Self-care — the practice of allotting time to take care of yourself and keep up with your own needs — is an important way of keeping the mind and body healthy. It is important for patients with lung cancer to practice self-care, especially during COVID-19. Here, Susanne Welsh Lobacki, LICSW, a clinical social worker at … Read more
As a federal probation officer, Ryan Fox brings empathy to her role working with prisoners and their families. Knowing there is often more to a case than meets the eye, she partners with lawyers, judges, and others in the court system to give inmates a fresh start and an opportunity to tell their stories. She’s … Read more
Medically reviewed by Michael Cheng, MD A report from the International Agency for Research on Cancer (IARC), found that in 2010, air pollution was responsible for 223,000 deaths from lung cancer worldwide. The findings were so striking that they prompted the agency, a part of the World Health Organization (WHO), to classify outdoor air pollution … Read more
Perhaps the biggest challenge in precision cancer therapy is tumors’ nasty habit of rebounding after an initial attack with targeted drugs has shrunk them almost out of existence. Instead of vanishing completely, curing the patient, the tumors leave behind a small cadre of cells that slumber in a dormant state, only to return in a … Read more
Medically reviewed by Geoffrey Shapiro, MD, PhD, and Christopher French, MD Although it is one of the most aggressive solid tumors in humans, NUT carcinoma responds better to treatment in some patients than others. But because it is rare — with only 20 to 30 cases diagnosed annually in the United States — doctors have … Read more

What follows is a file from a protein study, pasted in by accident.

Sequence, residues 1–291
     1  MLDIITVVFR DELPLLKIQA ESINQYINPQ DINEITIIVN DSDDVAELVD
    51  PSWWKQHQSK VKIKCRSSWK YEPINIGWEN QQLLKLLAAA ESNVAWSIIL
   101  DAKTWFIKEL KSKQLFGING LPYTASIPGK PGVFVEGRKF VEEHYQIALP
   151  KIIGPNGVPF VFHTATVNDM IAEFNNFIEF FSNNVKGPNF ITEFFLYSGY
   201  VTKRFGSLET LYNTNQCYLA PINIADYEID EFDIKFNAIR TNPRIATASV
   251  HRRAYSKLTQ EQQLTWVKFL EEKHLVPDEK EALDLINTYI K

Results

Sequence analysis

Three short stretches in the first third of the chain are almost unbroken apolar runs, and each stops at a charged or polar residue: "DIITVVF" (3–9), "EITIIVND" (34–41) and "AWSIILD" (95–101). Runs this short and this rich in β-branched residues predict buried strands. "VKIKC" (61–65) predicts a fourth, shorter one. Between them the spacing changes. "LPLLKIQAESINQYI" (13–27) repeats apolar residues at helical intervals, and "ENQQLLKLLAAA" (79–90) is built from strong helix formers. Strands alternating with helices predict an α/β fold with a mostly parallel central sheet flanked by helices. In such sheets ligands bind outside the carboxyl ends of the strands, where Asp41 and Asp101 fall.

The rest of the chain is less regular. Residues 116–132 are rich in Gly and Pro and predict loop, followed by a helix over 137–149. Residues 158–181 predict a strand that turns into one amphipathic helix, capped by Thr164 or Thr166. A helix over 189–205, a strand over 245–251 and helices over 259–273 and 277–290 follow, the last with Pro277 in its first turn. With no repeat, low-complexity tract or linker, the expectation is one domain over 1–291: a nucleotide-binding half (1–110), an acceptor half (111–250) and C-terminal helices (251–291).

Barry Nelson describes his family’s cancer history as “prolific.” Nelson’s grandmother, mother, and two aunts all died from cancer, and it seemed like Nelson might be next. “One morning, I woke up and I had a pain in my neck on my left side. I went to my primary care physician and, ultimately, I found out … Read more
Medically reviewed by Pasi A Jänne, MD, PhD Imagine inserting a key to shut off an engine only to find that it no longer fits — that the configuration of the lock has been changed without notice. Scientists developing targeted therapies to treat cancer often face a similar conundrum. Targeted therapies derive their effectiveness from … Read more
Women who are at high risk for lung cancer based on smoking history are less likely than men to have discussions with their doctors about potentially life-saving early detection screening, a new study has found. In a 2017 survey, women were 32% less likely to report having a lung cancer screening discussion with a provider … Read more
Here’s what you should know about what to look out for.
A cough can potentially be a symptom of a health concern, but in the overwhelming majority of cases that include a cough, the cause is unrelated to cancer.
Nancy Hale was given a 30 percent chance of surviving three years when she was diagnosed with lung cancer. But today, six years after her initial diagnosis and because of an immunotherapy clinical trial, Hale is in remission—and “blazing the trail” for other patients.